A lot of CEOs are secretive around how they travel for business, so it can be difficult to get an idea of how a top CEO would get around – from their airport lounges to whether they use a private jet.
So, here are some tips on travel with importance and comfort – both of which are important your perception as much as they are your own experience.
Charter a business jet
To charter a business jet is to make a real statement. Even better is that it’s not as exclusive and expensive as it used to be, but people still perceive it as being the epitome of exclusive VIP travel. However, it’s not just the privacy and ability to walk around like you own the place, it’s also the most functional way to travel in our Covid-laden world.
Whilst it’s undoubtedly unfair in societal terms, chartered jets get special treatment. Arriving at the airport can mean avoiding the lengthy queues and even sometimes Covid protocol. You won’t have to arrive 2+ hours before your flight to be on the safe side, things can be much more immediate. Landing is also easier, mitigating the usual lengthy passport queues and such.
You can prepare for the flight as described in the FAQ here, as well as get a quote to see the rough prices.
Making time for inspiration
A more unusual tip, but highly important, is to leave room for some inspiration upon your travels. It’s all well and good heading to every meeting and achieving your goals of the trip, but by leaving some extra space in your schedule, you can spend some time for other networking activities or peripheral events – or even just indulge the culture of your environment.
Travel can provide us with a new perspective, and these are the things that separates a top CEO trip from an ordinary one. Even just some downtime in a different culture can be a source of new ideas and inspiration – not everything has to be effective and traditionally productive. It’s in the moments of quiet that we can self-reflect on ourselves and the business.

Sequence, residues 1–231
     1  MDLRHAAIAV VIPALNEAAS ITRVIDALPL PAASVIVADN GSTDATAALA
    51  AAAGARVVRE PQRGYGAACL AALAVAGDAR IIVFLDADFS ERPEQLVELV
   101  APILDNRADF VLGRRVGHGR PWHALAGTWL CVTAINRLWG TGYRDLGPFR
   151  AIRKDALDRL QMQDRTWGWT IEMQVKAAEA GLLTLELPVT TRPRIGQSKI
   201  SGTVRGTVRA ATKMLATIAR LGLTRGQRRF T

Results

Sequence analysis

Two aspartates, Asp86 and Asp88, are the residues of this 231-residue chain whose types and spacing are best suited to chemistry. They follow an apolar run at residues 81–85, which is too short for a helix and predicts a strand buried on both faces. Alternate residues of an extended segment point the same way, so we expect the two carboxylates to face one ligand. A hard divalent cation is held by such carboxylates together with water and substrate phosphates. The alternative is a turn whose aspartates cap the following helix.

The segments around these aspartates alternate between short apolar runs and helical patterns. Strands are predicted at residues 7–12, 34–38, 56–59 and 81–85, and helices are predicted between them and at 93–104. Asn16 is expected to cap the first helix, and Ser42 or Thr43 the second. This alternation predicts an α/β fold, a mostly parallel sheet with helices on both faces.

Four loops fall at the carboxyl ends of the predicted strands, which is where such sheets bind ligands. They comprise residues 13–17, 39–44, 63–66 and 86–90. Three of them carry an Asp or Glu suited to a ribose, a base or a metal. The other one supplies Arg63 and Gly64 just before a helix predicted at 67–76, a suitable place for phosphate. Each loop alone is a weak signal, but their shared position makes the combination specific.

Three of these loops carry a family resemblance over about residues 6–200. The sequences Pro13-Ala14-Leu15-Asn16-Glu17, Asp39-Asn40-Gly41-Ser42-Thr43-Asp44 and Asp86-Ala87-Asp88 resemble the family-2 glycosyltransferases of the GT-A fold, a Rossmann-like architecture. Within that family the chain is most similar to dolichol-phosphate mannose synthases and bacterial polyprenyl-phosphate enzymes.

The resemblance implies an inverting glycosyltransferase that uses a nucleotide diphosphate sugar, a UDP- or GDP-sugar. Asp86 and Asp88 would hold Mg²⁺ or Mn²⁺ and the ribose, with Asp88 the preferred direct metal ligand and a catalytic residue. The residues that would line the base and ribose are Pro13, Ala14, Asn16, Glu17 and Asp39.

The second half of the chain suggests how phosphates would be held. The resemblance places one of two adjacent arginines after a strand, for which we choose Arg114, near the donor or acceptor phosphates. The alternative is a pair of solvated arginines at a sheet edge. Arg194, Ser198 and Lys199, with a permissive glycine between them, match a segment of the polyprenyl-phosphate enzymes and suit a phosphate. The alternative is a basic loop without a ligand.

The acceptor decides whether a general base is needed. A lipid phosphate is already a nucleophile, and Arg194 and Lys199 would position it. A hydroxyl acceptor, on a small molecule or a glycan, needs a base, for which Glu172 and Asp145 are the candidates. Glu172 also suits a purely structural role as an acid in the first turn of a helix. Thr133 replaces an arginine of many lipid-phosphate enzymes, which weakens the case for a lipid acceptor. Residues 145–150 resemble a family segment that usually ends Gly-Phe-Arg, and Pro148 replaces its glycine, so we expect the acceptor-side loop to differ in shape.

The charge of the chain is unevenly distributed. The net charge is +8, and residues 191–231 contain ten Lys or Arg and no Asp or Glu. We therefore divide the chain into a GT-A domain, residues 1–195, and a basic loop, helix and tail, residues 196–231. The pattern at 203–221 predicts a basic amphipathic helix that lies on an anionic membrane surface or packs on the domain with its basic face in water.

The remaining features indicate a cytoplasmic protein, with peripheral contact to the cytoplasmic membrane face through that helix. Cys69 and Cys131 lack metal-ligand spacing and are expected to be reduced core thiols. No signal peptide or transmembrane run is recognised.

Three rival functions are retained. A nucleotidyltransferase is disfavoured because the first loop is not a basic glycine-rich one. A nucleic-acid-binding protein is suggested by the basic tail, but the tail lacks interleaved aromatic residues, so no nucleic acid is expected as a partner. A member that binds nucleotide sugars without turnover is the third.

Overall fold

Plan your WiFi availability
It’s important to know before leaving to plan your WiFi availability. This means knowing if your transport will have WiFi, for example, and blocking this time out if so. You should for work that doesn’t require WiFi in these moments instead of improvising that. You could use these moments as your downtime too, but often it’s more useful to get some basic tasks done as it won’t be valuable downtime on a busy, loud plane.
It’s important to have devices that can operate without the internet (our dependency on the internet is becoming too reliant), and it may be worth buying a new SIM Card for data in the new area you’re travelling in.
It takes time to get good at business travel, as you begin to pick up on the best ways to get around, what airport lounges are good to use, and how to plan your time. Your choice of transport can often become the most important part of the trip, because this is the area that’s most likely to go wrong, be cancelled or delayed, have an unreliable internet connection, or simply be extremely distracting. Hopefully, despite the pandemic and remote work, business travel remains strong.